Curbing inflation and resetting the economy
This one initiative of banning HD notes, effectively puts to task those who have been indulging in corruption and hiding their illegal wealth – either in the form of cash or properties.
Let me give you an example of how corruption thrives.
Let us assume that a politician or a government servant takes bribe. S/he will be flush with cash, which they cannot deposit in their bank accounts. They take this cash, and end up buying properties. Now if the property dealer issues them proper paper, then the Income Tax department is bound to ask questions on how they managed to amass such a huge sum of money. Thus they show only a small portion as payment for the property. For a ₹ 1 crore worth of property, the sale price is shown as ₹ 5 Lakhs, while this will be entered, the rest ₹ 95 lakhs is paid in cash and under the table. This way the property dealer will also be forced to pay less taxes to the government. The property dealer then uses this illegal ₹ 95 Lakhs to transact further and with every passing transaction the illegal ₹ 95 lakh enters into the economy.
Imagine thousands of such transactions take place every day, this leads to excess cash flow in the economy, thus creating inflation, as people flush with illegal cash end up paying much more than the actual price of the product. Though, this serves the corrupt well, it is the general public with no disposable income who have to suffer due to high price of products.
By making such cash illegal, the government allows for the economy to reset. With excess cash sucked out, the economy turns to a more deflationary process, and eventually settles at the exact place where the price of the good matches the value of the goods.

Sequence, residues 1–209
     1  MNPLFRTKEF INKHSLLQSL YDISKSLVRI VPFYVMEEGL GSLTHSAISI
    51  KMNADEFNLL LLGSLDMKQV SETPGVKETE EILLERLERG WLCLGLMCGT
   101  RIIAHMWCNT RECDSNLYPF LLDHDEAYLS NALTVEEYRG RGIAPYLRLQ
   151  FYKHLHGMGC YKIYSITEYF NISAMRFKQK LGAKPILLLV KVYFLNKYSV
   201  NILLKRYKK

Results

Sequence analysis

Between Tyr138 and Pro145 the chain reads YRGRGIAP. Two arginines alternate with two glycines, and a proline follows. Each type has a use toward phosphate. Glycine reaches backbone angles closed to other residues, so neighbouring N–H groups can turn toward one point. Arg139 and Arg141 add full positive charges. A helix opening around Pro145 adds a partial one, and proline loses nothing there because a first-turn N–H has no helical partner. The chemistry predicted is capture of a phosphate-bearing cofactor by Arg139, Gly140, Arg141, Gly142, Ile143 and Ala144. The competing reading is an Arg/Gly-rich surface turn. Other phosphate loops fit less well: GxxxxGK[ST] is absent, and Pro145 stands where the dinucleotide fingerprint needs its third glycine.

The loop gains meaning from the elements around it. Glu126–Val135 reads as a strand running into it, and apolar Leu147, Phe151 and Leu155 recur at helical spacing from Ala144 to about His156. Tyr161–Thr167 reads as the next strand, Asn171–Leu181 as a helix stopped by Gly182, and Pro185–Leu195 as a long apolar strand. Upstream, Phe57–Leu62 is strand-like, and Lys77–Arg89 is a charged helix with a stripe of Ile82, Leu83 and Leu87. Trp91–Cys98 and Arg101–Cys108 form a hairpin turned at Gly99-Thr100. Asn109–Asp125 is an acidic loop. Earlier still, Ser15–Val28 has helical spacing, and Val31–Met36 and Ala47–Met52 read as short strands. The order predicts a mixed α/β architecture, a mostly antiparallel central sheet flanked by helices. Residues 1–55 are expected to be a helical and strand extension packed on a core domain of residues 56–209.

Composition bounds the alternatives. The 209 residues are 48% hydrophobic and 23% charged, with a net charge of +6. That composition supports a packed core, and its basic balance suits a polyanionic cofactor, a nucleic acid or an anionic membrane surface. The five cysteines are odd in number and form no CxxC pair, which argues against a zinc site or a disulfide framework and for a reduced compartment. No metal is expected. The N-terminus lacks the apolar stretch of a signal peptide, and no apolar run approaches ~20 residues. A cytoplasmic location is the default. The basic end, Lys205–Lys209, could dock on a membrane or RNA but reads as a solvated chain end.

This way, majority of the people with legal income are protected from the corruption induced inflationary tendencies of the economy.
But the most important effect of taking away HD notes is in curbing corruption at mid and low levels. It is well known that ultra rich won’t keep their ill gotten sums in India, but they keep it safe in off shore accounts. Thus it is more than unlikely that this ban on HD notes will effect corruption at that level. But think of those millions of individuals, political parties and organizations who have in fact kept their illegal money in liquid cash form, they must be panicking.
The government had given September 30th as the deadline for declaring illegal income. Pay a flat 45% tax and you can keep the rest 55% with no questions asked. This way around 65,000 crores had been declared, and government had netted the tax of around ₹ 31,000 crores.
At the end of the term, PM Modi had warned that, “when I take drastic measures after Sept 30, to curb corruption, don’t complain…”
With one master stroke, he has effectively taken away such ill gotten wealth.
The effect of this initiative has already started to show, some people are abandoning bag full of cash in dumpsters, some are burning it.
Today anyone depositing over ₹ 2.5 Lakhs will have to explain to the Income Tax department, where they got the money from. If you are a legitimate businessman or businesswoman, you won’t have to worry, as you can show your tax certificates…
But God forbid if you don’t have such papers to prove it’s your legal wealth… the government is planning to tax anywhere from 37% to 200% – which means for every illegal deposit over ₹ 2.5 Lakhs, you will be made to pay 2 times the amount you have deposited. If you have such wealth, you are probably better off donating ₹ 2 lakhs each to needy and poor people, at least you will get their blessings, else jail awaits.
While majority of the people in India have welcomed this historic decision, a handful of politicians are going bonkers over this announcement.
This makes it easy for us to see – the heart of which beast did the government strike the most.